Noted in the Governor’s 2018-2019 Budget is an $18 million dollar FastTrack grant for Tyson Foods that may be part of a deal to bring a chicken processing plant to Humboldt, Tennessee after plans for a similarly described project in Kansas met with “staggering” opposition from citizen activists. This year’s money for Tyson Foods is not currently listed in the FastTrack project database maintained on the Department of Economic & Community Development (ECD) website.
As part of Governor Haslam’s “Transparent Tennessee” initiative, ECD launched an interactive online platform called “Open ECD,” intended to provide a “comprehensive look at TNECD’s initiatives,” including, FastTrack, community and rural development grants. Haslam’s “Transparent Tennessee” was intended to help create a “customer-focused, efficient and effective state government.” This initiative was supposed to provide greater transparency and accountability in how the state government operates by enabling taxpayers to see how different departments are performing as well as how taxpayer funds are spent.
The only reference to date for the $18 million dollar FastTrack grant for Tyson Foods is on page xix of the Governor’s 2018-2019 Budget released with a cover letter dated January 29, 2018:
General fund supplemental appropriations in the current 2017-2018 fiscal year total $46 million, $38 million of which is in the Department of Economic and Community Development for a capital grant to DENSO ($20 million) and a FastTrack grant to Tyson Foods ($18 million).
Maryville based DENSO Manufacturing’s Tennessee plant is the largest of its four U.S. based plants.
The Tyson Foods website notes sales for Fiscal Year 2017 of $38.3 billion dollars.
In 2013 and 2014, ECD awarded small expansion grants to Tyson Foods for $200,000 and $124,000 dollars respectively although no detail is available in the database to explain how the funds were actually used.
No information is available through the Budget document, the “Open ECD” website or the Transparent Tennessee FastTrack Project Database to indicate whether the total $18 million dollar grant to Tyson Foods will all go to the new chicken-processing plant planned for Humboldt, or whether some of the funding will go to the expansion of the Tyson Foods plant in Union City that was announced in August, 2017. Nor is information available to explain what the money will pay for or how Tyson Foods qualified for a FastTrack grant according the ECD guidelines.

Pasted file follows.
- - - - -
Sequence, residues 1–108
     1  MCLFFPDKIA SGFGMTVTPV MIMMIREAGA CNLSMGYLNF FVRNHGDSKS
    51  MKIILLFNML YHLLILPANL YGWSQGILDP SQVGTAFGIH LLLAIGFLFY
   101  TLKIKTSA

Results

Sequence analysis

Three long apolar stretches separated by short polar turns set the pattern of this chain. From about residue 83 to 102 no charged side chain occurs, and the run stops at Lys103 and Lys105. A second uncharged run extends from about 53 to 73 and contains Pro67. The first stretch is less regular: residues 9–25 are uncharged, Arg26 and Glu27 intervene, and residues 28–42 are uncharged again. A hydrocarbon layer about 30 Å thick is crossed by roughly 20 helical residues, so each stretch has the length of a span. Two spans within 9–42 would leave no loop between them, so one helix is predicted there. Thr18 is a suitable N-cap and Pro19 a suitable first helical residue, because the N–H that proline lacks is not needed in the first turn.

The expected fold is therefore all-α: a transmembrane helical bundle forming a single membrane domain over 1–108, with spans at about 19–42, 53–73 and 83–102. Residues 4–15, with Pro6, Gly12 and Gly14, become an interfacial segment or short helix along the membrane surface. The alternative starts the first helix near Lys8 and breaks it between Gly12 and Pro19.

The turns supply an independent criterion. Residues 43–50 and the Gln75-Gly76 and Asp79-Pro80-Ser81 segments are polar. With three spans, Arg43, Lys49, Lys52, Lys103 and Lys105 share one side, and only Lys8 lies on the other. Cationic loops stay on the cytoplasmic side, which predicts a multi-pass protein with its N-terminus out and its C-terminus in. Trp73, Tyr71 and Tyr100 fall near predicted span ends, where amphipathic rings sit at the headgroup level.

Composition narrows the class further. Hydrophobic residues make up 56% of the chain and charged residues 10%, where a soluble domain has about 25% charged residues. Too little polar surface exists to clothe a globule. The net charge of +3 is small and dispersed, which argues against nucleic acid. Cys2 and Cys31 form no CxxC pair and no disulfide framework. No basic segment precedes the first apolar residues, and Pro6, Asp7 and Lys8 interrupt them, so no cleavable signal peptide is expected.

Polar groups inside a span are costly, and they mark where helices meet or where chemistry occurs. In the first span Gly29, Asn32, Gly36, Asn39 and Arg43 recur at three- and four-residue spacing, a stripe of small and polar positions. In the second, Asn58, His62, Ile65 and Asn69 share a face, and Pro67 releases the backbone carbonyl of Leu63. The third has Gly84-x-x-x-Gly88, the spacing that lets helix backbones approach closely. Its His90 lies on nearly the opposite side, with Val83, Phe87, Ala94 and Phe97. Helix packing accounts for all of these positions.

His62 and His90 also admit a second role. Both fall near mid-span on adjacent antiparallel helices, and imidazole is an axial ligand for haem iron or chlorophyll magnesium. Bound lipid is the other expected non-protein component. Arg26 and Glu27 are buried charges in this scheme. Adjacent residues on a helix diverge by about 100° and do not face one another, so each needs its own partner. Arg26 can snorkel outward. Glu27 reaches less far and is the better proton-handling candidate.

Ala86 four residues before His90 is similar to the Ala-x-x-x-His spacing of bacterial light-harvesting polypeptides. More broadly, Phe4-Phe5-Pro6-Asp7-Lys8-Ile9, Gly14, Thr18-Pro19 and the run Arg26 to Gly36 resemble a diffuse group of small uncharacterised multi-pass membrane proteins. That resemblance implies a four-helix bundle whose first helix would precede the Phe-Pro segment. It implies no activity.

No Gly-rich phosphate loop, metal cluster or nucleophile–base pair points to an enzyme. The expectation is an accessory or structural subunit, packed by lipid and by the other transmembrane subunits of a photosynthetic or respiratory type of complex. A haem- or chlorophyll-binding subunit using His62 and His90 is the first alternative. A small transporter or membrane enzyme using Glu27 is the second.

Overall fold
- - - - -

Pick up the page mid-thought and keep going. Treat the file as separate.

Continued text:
With regard to the $18 million FastTrack grant, The Star submitted the following questions to the ECD Communications office:
- For which Tyson Foods location is this allocation being made?
- What are the commitments from Tyson Foods for the number of jobs and average hourly wage?
- Have the funds already been committed to Tyson Foods, or does this grant need to be approved by the legislature as part of the FY2018-19 budget?
- When will (or did) the FastTrack grant funds be transmitted to Tyson Foods?
ECD spokesman Jennifer McEachern responded:
This project was announced in November 2017. https://www.tn.gov/ecd/news/2017/11/20/governor-haslam–commissioner-rolfe-announce-tyson-foods–inc–to-create-1-500-new-jobs-in-humboldt.html
We cannot release any further information about the project at this time under T.C.A. 4-3-730 as the grant contract for this project has not yet been executed.
The Tennessee Code section referred to in ECD’s response states:
(b) Any binding contract or agreement entered into or signed by the department that obligates public funds shall, together with all supporting records and documentation, be considered a public record and open for public inspection as of the date such contract or agreement is entered into or signed.
ECD was subsequently asked whether a plain reading of theTennessee law suggests that once there is a commitment to a deal, the underlying terms of the agreement would be available as an open record even if the agreement is not signed. Otherwise, the sole determiner in the law would have been that the agreement had to first be signed to become a record available under the state’s open records law.
McEachern promptly responded:
Under the statute, records are not open until the ‘binding contract or agreement that obligates public funds’ has been ‘entered into or signed.’ A handshake agreement is not a ‘binding contract or agreement’ (because handshake agreements are not binding on the State) nor are any public funds obligated by a handshake agreement. Those two requirements in the statute are not fulfilled legally until the incentive grant contract has been fully executed; therefore, the records are not open for inspection until the incentive grant contract has been fully executed. The inclusion of an item in ECD’s budget makes funding available but the State is not legally obligated to pay those funds to any entity until the incentive grant contract is executed.
In other words, transparency under both Tennessee law and Haslam’s “Transparent Tennessee” model means state taxpayers will find out how their money was spent only after the deal is sealed.
Rep. Curtis Halford and Sen. John Stevens who both represent Gibson County, were asked whether they would sponsor a bill for the $18 million dollar supplemental appropriation for the Tyson Foods FastTrack grant. They were also asked whether the total $18 million dollars would be directed solely to the Humboldt project and if not, how much would be directed to the Humboldt project and how much to any other Tyson Foods project in another location?
Neither legislator has responded.
If the supplemental appropriations for the Tyson Foods FastTrack grant included in the Governor’s 2018-2019 budget does not require a separate bill, all Tennessee legislators will still have to vote to approve the request when the budget is voted on in order for the $18 million dollar grant to Tyson Foods to take effect.